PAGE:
The day Webb officially signed, he sent a direct message to Hudson over Twitter: "Just know, we're going to smell roses." 

"You can tell he's one of those guys that has confidence about him, he knows what he wants, he wants the best for the team, and if he gets the job, he's going to lead us there," Hudson said.

The next day, Webb texted all of the receivers in a group chat. He wanted to throw. They've thrown every day since. "He's one of those guys, you'll check your phone and you'll have five text messages: 'Throw this time, this time, this time, which one works for you? I'm free all day.' You can choose a time, or choose multiple times. He'll be out there for all of them. If there's a guy that can't make a throwing at 4:30, he's out there at 1:00 making it work. He's there from 6 a.m. to 10 at night. He's always working hard. He's elevating everybody's game to the next level. I'm watching more film, because I know, if I'm at the stadium, sitting in the lounge, watching TV, I think, 'Wow, he's probably upstairs watching film.' And, next thing I know, we're watching film for three or four hours."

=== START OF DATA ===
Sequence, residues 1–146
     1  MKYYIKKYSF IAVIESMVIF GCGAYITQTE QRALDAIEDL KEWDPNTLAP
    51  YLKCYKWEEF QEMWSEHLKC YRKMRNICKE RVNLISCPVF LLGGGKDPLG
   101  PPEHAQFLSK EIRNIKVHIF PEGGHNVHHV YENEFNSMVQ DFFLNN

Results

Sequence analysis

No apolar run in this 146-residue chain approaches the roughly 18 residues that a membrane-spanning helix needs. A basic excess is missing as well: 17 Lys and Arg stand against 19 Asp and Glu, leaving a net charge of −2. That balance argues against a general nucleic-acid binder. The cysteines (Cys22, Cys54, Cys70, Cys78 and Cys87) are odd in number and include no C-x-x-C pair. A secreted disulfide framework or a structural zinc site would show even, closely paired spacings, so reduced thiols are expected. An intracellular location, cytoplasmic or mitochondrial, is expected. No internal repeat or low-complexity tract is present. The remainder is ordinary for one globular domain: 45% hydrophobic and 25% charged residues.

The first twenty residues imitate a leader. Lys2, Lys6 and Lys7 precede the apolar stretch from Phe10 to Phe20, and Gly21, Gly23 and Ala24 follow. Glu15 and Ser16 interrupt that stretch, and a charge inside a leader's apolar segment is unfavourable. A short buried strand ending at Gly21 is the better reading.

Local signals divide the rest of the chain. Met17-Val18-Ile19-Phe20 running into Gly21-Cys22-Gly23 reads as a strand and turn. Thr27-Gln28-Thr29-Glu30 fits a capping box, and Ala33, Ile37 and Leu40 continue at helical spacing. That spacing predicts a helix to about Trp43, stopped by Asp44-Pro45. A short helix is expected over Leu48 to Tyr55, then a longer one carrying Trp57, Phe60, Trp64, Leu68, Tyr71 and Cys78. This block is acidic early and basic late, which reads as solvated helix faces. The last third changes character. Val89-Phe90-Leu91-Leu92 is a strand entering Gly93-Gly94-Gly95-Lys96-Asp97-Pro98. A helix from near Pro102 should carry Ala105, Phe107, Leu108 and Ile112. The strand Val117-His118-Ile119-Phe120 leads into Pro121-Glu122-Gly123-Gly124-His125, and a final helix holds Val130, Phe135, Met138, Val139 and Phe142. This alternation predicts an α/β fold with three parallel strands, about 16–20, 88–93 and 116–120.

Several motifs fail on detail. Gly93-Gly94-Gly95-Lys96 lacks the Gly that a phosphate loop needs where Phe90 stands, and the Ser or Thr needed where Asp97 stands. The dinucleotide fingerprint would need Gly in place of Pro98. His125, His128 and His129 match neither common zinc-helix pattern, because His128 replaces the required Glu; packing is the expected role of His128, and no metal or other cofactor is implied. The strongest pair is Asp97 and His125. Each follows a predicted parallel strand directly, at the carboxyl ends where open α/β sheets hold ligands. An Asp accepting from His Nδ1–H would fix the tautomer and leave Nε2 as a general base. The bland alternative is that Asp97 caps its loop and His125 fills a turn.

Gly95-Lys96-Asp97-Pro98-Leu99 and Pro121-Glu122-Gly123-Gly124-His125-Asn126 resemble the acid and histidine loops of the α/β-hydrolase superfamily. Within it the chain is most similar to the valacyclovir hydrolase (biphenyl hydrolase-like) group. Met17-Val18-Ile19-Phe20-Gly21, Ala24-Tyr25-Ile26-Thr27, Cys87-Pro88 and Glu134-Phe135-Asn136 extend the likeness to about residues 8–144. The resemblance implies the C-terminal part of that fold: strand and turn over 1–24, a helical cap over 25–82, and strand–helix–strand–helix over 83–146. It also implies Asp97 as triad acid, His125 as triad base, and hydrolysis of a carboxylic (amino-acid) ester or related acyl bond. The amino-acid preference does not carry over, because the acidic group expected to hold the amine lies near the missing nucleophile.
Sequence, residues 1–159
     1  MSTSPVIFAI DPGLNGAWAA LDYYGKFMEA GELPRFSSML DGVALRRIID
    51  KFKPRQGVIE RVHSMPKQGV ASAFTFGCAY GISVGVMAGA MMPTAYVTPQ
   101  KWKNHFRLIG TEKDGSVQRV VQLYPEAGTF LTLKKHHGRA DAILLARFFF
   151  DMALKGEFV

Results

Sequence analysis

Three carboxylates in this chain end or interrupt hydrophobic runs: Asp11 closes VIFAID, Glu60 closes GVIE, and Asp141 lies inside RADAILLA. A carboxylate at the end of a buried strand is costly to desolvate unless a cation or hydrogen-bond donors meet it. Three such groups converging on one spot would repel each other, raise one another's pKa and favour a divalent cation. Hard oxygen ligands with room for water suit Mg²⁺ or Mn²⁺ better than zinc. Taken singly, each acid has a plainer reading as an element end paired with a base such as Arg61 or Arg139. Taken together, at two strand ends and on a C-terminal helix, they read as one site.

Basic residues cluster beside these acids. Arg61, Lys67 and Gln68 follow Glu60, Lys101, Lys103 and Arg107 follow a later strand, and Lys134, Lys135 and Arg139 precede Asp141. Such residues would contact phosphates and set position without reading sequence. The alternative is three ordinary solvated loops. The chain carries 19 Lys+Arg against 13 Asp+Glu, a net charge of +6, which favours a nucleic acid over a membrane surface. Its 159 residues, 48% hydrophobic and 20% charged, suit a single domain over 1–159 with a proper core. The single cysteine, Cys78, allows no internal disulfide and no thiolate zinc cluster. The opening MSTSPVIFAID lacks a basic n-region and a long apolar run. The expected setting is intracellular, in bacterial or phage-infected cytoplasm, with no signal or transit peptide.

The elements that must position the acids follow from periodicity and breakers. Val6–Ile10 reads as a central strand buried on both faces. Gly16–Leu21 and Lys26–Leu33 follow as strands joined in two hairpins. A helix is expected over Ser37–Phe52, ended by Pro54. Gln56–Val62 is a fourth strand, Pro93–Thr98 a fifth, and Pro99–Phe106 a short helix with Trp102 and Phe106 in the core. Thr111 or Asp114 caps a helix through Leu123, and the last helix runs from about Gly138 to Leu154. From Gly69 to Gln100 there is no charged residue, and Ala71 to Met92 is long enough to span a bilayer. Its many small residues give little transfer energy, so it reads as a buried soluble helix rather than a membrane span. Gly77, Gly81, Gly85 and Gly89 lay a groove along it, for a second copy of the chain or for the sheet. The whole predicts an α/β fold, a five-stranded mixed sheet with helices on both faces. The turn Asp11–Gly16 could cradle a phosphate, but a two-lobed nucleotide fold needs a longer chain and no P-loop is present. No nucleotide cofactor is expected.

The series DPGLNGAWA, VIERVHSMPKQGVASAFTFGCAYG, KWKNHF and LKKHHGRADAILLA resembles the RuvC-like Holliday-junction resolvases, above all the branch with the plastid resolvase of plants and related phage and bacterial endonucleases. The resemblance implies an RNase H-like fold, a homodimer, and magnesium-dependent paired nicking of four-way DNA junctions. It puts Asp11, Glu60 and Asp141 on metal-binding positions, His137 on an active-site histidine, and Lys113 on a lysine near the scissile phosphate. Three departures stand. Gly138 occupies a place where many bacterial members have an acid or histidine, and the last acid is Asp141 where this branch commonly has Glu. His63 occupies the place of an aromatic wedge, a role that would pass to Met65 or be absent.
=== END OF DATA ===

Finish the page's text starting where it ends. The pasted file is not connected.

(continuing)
In that sense, Webb is very much like Goff, who, Franklin said, would beat him to his office every day to watch film, and still be there when Franklin left. 

At 6-foot-5, 235 pounds, though, Webb is physically a different kind of animal than Goff. His weight room numbers are, Dykes estimated, in the top five in the entire program.

Dykes pegged Webb's daily clock-in at 6 a.m., and his clock-out at 10 p.m., every night.

"In 20-plus years of doing this, I've never seen a guy that's more dedicated to being a good player than he is," Dykes said. "His work ethic is unparalleled."

"We're watching film from three years ago, an NFL game, a random game that somehow, he found," Hudson said. "There's a play and he's like, 'Look at this. We're going to try to do something like this.' Dude, what are you doing, looking at that stuff? I'm out here watching games last year of us, trying to break that film down, and it's just crazy what he's done. His confidence that he has, he's got this confidence, this way about him. He comes in, and takes control. He knows what he wants, and everyone's bought in to that. He doesn't have the job yet. He's got to work for it."

That's not to say Hudson has already declared the race for starting quarterback over. Whenever Dykes talks about buy-in, whenever he talks about team-first players, it's easy to draw a picture of Hudson's grinning, square mug in a thought bubble over Dykes's head. So, Hudson tows the party line, even though Dykes said on Thursday that he'd like to name a staring quarterback the moment one shows separation, even on the first day of camp.

"There's guys -- Chase Forrest  and Ross Bowers -- those guys are very good guys that can throw the ball around. They did well in spring. It's going to be open competition, but when the guy gets named, I know we're all going to back him. We're going to build around him. That's the direction we're going. I know all those guys are willing to work hard. Whoever it is, we're all-in."